Wednesday, January 08, 2014

Three Ages

1923, US, directed by Buster Keaton

Keaton apparently commented that Three Ages was essentially three two-reel films spliced together, although the repetition of certain scenarios in different contexts -- the prehistoric era, Ancient Rome, the 1920s -- is central to the film's effect. The biggest problem is one of quality control: while all three eras have their share of gags, the modern sequence is by far the most polished, with the most spectacular and memorable stuntwork (the football game, the leaps from tall buildings), and each time the action switches back in time I found myself getting antsy, particularly once the intention to repeat each theme became clear. The jokes in the earlier sequences also seem a good deal more obvious at times, almost lazy by Keaton's meticulous standards at times, although that perhaps marks the transition from shorter work to feature films.

Monday, January 06, 2014

Seven Chances

1925, US, directed by Buster Keaton

Almost like two different films welded together -- the first an often very subtle romantic farce, the second an all-out chase sequence that seeks constantly to top itself -- Seven Chances again showcases the range of Keaton's talent: compare, for instance, the brief early sequence where he completes a marriage proposal by casually throwing a card to a woman seated in a gallery only to have the pieces flutter back down to him, to the epic, occasionally injury-defying, plunge down a steep hill as Keaton is threatened by rolling boulders and furious maids. It's not clear which of these is more terrifying to Keaton: he seems more adept at handling any physical harm. What makes the film more troubling, though, is the vein of race humour that sits very uncomfortably now -- while it's possible to construct some narrative around each of the individual incidents involving a black character as though to absolve Keaton the director, in the aggregate it's hard to see them as anything other than unpleasant even if perhaps only too characteristic of their time. Far more difficult to explain away, though, is the use of blackface by white performers; Keaton seems to have been a particular aficionado of the genre, at least based on his interviews.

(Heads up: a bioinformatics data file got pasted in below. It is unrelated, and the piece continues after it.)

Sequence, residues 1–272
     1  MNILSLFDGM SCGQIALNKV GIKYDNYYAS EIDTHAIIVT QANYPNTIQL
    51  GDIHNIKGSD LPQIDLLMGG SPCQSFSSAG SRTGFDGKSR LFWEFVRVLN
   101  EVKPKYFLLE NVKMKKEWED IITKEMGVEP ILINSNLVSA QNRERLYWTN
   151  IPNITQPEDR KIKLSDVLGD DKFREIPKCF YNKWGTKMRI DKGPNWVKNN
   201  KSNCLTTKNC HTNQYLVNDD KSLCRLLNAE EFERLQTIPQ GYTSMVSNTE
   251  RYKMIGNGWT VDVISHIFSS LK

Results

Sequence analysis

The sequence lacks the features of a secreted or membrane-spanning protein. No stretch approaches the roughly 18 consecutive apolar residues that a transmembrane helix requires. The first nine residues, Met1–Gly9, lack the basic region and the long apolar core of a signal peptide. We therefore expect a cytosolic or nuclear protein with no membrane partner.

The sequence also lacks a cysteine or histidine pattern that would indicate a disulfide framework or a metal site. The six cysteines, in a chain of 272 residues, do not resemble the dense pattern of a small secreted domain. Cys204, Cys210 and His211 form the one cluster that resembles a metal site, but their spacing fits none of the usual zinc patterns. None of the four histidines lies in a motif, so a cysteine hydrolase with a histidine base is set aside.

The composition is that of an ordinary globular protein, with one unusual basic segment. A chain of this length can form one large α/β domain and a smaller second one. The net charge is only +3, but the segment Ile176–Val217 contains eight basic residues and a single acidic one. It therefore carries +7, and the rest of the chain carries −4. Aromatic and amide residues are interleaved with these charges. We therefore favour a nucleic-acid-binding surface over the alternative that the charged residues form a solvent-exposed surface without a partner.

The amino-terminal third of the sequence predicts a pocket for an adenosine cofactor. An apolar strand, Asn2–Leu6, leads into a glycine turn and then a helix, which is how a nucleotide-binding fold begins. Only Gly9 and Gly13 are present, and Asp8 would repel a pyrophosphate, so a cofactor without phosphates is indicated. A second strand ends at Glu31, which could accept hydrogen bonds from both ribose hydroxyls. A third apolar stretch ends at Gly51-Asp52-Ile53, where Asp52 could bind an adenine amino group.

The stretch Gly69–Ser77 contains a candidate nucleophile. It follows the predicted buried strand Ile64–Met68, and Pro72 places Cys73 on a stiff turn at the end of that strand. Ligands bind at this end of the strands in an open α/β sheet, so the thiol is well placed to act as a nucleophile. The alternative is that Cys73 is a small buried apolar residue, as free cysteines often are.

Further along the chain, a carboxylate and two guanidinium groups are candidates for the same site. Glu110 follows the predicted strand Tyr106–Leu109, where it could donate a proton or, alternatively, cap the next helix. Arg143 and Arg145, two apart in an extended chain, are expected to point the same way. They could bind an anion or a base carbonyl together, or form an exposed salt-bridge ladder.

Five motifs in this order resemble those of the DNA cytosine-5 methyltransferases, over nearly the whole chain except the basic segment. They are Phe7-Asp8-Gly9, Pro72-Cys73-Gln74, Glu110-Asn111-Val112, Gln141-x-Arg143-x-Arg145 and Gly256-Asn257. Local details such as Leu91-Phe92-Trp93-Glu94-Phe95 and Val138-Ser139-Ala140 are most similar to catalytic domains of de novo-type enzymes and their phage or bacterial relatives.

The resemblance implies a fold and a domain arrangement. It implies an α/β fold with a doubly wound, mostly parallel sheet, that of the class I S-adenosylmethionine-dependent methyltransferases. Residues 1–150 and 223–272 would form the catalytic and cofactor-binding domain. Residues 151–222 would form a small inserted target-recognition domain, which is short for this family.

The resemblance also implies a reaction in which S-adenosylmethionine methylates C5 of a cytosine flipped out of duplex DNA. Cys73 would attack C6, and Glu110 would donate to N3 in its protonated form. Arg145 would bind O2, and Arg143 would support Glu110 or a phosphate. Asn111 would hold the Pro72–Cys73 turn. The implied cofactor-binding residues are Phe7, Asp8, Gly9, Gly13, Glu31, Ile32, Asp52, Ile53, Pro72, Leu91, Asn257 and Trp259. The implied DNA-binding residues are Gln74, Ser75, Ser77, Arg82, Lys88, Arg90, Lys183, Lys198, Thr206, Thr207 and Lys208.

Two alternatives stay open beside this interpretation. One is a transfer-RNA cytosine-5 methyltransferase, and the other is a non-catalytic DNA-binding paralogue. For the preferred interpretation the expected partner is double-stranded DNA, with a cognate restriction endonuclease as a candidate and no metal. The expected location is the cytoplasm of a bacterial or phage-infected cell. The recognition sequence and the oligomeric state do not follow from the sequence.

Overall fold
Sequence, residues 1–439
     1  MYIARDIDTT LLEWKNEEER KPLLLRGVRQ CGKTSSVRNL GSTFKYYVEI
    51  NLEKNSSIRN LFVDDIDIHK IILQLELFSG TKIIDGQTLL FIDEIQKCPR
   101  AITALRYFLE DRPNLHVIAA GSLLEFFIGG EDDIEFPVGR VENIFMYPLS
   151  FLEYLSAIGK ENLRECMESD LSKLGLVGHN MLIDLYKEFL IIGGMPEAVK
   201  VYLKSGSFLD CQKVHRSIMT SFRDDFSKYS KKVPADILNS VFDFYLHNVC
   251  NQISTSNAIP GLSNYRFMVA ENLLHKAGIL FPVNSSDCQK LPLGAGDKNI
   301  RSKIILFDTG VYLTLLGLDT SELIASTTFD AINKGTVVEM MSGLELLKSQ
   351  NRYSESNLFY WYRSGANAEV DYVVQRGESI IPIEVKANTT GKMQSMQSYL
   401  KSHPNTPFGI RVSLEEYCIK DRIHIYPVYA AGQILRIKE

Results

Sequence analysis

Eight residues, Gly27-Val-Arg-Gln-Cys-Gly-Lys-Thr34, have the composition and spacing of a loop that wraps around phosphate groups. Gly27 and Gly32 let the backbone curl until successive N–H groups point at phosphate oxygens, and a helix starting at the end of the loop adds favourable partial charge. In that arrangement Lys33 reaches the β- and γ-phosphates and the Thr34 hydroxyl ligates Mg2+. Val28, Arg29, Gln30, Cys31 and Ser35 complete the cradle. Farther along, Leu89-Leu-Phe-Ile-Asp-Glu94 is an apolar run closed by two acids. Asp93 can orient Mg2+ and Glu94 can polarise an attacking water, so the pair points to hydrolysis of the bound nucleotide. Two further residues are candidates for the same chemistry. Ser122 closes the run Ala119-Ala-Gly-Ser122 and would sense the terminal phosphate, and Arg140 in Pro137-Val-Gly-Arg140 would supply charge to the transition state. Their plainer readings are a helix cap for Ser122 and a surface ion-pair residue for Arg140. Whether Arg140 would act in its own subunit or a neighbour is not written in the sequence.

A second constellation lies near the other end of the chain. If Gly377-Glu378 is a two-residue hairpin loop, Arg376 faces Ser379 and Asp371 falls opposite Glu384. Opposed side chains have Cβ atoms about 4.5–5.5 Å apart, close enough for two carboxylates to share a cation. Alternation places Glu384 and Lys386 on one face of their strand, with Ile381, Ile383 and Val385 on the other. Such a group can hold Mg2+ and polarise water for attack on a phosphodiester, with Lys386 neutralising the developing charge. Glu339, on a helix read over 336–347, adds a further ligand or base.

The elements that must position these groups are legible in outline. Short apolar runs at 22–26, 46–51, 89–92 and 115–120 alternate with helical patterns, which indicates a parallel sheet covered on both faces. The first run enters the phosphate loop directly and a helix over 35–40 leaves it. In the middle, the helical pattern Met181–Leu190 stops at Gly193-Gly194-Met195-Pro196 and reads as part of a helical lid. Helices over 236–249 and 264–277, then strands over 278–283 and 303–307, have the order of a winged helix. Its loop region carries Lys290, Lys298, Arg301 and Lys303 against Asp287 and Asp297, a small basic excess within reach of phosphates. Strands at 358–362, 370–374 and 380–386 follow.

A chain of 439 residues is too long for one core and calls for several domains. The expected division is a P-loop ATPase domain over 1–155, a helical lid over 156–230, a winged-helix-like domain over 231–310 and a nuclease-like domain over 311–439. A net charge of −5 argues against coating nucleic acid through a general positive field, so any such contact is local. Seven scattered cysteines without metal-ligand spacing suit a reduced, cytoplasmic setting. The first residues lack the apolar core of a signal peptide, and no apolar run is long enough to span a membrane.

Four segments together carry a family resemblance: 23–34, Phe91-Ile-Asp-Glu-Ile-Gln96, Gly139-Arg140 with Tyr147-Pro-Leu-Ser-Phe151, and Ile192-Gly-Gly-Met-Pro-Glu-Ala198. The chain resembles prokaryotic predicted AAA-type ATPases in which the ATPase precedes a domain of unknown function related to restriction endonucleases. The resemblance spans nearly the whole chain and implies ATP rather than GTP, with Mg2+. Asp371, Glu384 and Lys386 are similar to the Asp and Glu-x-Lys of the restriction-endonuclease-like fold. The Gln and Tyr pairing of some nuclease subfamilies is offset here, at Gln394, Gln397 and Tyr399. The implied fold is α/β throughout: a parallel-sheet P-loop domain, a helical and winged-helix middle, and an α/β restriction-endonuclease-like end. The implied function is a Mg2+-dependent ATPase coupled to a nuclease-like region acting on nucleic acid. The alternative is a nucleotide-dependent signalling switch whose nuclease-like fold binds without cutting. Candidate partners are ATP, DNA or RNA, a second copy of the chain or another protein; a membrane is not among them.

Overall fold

Thursday, January 02, 2014

Our Hospitality

1923, US, directed by John G. Blystone & Buster Keaton

It's only Keaton's second feature film behind the camera  -- though he shares the credit here -- but Our Hospitality is a fine example of the range of both Keaton's talent and his targets, marrying the expected thrills and comic spills with some fine satire of the mores of the American South. Like many of his films, the film starts relatively slowly only to build to a tremendous climax in terms of both scale and drama, and it would be easy to forget how subtle a performer (and director) Keaton was: watch his hands, for instance, as they reveal his character's inner turmoil, as though they've taken up the emotion often absent from his face. Of course, Keaton doesn't save all of the good stuff for the finale: there's a hilarious sequence early on involving an absurd train journey, which must have caused considerable whiplash for the performers involved (as befits a little boy fascinated by machinery, Shay found this section particularly funny, and he was thrilled by the finale, too).


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Most of the images here are either studio publicity stills or screen captures I've made myself; if I've taken your image without giving you credit, please let me know.

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Boston, Massachusetts, United States